December’s holiday season is the busiest time of year for most retailers. Internet Retailing recently hosted a webinar giving merchants practical advice and useful tips on how to make the most of this time of year. Our guest speaker was Kylee Hall, product marketing manager at IBM.
We all know that Christmas is a very significant time of year for retailers. But, as Kylee Hall, product marketing manager at IBM explained in a recent Internet Retailing webinar, data drawn from IBM Coremetrics benchmark reports illustrates exactly how significant it was last year – and how online retailers can learn from it to make sure this one is a profitable one for them.
The figures from the benchmark report speak for themselves. They aggregate data recorded through visitors’ journeys to some 1,300 web sites run on IBM platforms and show that in 2010, sales rose before Christmas – and well in advance of that date. UK online retail sales rose by 16.5% in November 2010, compared to the same month in the year before, and by 10.8% in December 2010. What were the key drivers of that traffic? “In particular,” said Hall, “we saw a lot of traffic around email, on-site recommendation and behaviourally retargeted advertising.”
One key date it’s important to prepare for is Mega Monday, the biggest shopping day of December in both 2009 and 2010. In 2010 this fell on December 6, with sales rising by 11.6% compared to the previous Mega Monday, on December 7 2009. That wasn’t a one-off, since Mega Monday has been the strongest shopping day of December for the last two years, and is also followed by strong sales the following Monday. It’s important not to forget that while sales dip in the final run up to Christmas, they rise again immediately after Christmas Day.Online shopping trends
Consumer spending “remained conservative” said Hall, in January 2011 when average order values reached their lowest point for a year, hitting a record £102.59. That’s 26% down from the high of £137.90 in May 2010. While more people are buying more items online says Hall, “they are looking to make their money go further, buying more with less.” There’s also evidence, she said, that people are window shopping more – looking at just the same number of products online as they may have a year ago, but buying fewer of them. Site sessions are also shorter and it seems people are spending more time on social media sites and on their mobile phones. All of this suggests a move towards a ‘conservative economy’.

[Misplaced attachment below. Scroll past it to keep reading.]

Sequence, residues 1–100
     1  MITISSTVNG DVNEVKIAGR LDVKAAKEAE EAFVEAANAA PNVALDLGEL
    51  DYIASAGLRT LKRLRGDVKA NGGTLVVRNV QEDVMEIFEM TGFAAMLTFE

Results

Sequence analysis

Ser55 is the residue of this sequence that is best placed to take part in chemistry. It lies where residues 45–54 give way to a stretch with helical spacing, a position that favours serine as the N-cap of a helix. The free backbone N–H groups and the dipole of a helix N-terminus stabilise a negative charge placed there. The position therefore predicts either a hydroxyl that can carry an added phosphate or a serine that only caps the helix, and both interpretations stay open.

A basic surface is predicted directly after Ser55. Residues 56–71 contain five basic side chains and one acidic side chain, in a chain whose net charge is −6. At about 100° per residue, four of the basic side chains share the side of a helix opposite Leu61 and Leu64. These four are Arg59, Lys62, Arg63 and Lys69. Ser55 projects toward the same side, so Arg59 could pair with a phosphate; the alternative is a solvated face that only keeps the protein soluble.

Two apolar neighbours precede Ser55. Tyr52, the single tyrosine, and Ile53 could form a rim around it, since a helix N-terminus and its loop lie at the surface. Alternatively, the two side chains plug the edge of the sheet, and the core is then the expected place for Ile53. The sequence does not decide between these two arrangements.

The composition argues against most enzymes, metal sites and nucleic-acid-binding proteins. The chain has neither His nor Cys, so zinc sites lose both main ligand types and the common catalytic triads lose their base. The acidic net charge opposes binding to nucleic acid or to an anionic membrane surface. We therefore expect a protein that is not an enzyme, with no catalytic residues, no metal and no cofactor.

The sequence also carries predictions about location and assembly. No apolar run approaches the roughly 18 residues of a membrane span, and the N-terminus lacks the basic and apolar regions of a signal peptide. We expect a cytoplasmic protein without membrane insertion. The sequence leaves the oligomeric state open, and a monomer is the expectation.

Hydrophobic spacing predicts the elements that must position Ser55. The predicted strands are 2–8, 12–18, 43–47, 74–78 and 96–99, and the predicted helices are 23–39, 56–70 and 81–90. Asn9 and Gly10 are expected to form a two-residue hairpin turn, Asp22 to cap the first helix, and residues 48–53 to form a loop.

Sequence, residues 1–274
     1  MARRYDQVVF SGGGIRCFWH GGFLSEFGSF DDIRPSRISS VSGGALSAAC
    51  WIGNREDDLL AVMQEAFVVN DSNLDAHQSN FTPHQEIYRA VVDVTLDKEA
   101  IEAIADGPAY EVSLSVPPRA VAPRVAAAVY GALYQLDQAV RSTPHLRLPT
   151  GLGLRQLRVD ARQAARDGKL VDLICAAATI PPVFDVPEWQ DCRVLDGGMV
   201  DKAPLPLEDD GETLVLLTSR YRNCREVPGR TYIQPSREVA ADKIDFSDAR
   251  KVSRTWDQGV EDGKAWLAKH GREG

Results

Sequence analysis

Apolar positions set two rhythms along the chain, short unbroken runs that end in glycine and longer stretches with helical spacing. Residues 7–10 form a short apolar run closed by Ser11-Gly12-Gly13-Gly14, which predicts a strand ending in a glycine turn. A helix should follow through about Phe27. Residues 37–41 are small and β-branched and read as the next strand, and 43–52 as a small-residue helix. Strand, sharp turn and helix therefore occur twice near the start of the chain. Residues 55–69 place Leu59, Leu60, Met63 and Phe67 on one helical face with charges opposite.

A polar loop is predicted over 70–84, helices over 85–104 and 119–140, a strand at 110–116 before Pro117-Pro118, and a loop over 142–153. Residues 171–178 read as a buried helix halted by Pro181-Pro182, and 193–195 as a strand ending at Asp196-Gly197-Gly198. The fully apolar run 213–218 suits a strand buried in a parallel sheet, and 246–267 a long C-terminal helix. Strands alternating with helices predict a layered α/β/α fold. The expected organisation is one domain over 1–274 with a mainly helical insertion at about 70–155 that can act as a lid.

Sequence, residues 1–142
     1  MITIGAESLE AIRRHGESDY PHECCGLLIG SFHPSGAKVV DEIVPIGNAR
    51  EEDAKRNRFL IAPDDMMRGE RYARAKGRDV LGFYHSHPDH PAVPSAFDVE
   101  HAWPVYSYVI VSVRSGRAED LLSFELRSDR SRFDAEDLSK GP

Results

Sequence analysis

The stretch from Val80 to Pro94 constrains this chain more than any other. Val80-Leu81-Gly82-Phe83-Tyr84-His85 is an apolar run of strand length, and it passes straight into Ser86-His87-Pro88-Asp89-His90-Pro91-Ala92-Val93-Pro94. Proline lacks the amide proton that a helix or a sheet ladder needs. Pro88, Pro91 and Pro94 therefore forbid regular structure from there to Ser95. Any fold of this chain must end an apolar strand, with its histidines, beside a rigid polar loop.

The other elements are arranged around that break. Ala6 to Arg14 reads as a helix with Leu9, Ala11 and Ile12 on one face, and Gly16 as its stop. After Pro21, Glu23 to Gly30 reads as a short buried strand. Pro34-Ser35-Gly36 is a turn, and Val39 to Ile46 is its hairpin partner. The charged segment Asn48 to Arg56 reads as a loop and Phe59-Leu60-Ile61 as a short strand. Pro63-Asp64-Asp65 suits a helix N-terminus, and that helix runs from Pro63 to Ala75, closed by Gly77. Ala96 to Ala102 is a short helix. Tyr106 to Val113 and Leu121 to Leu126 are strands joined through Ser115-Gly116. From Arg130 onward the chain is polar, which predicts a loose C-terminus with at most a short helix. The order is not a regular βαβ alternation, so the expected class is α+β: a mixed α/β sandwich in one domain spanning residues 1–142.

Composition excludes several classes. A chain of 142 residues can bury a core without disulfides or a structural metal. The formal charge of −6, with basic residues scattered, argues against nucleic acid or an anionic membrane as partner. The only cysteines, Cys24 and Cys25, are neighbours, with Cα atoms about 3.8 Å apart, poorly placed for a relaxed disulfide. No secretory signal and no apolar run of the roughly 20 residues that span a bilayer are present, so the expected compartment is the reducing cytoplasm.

It’s therefore important to retailers to make it more likely that visitors buy after looking at their site. Looking at some of the other consumer trends helps to throw light on how to do that.M-commerce
One clear trend is the use of mobile phones. In May 2011, some 7.2% of people visiting websites did so using a mobile phone. That is expected to grow well beyond the 7.2 percent achieved in May 2011, according to IBM Coremetrics data, and reach “well into” double digits by Christmas 2011, reaching as high as 15-20% of site traffic. Today phones are used for more than checking on the nearest store. IBM Coremetrics’ figures show a significant and growing percentage of sales made through websites are now achieved over a mobile phone – in May 2011, 6.1% of sales were made through this medium. And, said Hall, mobile traffic was particularly key at weekends and on Christmas Day.Social media
Social media, it seems, accounts for a small but growing number of visitors to retail sites. Visitors to sites from social media, measured between November 2010 and May 2011 totalled less than one per cent of total visitors. Although the numbers were small, they were growing steadily and, pointed out Hall, such visitors were more than twice as likely to convert (11.1%) by making sales than the average visitor (5.9%).
Thus, said Hall, retailers need to be focusing on anticipating customer behaviour and needs by adding features such as ratings and reviews and better onsite merchandising, and automating marketing to make customer communications more personal. That use of personalisation and segmentation should also be used in retargeting those customers who are browsing or have abandoned baskets.Best practice
Best practice should include tracking customer journeys over time, and better defining the customer journey to give a consistent and relevant experience whichever channel they use to view a site. That includes optimising sites for mobile viewing, as well as cultivating their mobile audience through techniques such as segmentation and measuring the use of different mobile marketing techniques. Benchmarking performance against the industry is also useful.
Meanwhile, product recommendations can also be better used across sites, and integrated with email. Testing and measuring is important across all of these areas.
Finally, when looking at that small proportion of social media visitors retailers should focus on the return on investment those visitors bring, retargeting them as well as monitoring social conversations around the brand. Through analysis, brands can work out which is their best bet in social media and invest in that.
Kylee Hall’s five recommendations for action ahead of Christmas 2011:
. Focus on the customer lifecycle
. Capitalise on the mobile channel
. Retarget your browsers and abandoners
. Use personalised product recommendations
. Cultivate the social media channel
To hear the webinar for yourself, view the accompanying slides and hear the question and answer session, visit the webinar page
on the Internet Retailing site.
The IBM Coremetrics 2011 UK Christmas Season Readiness Report can be downloaded from www.coremetrics.co.uk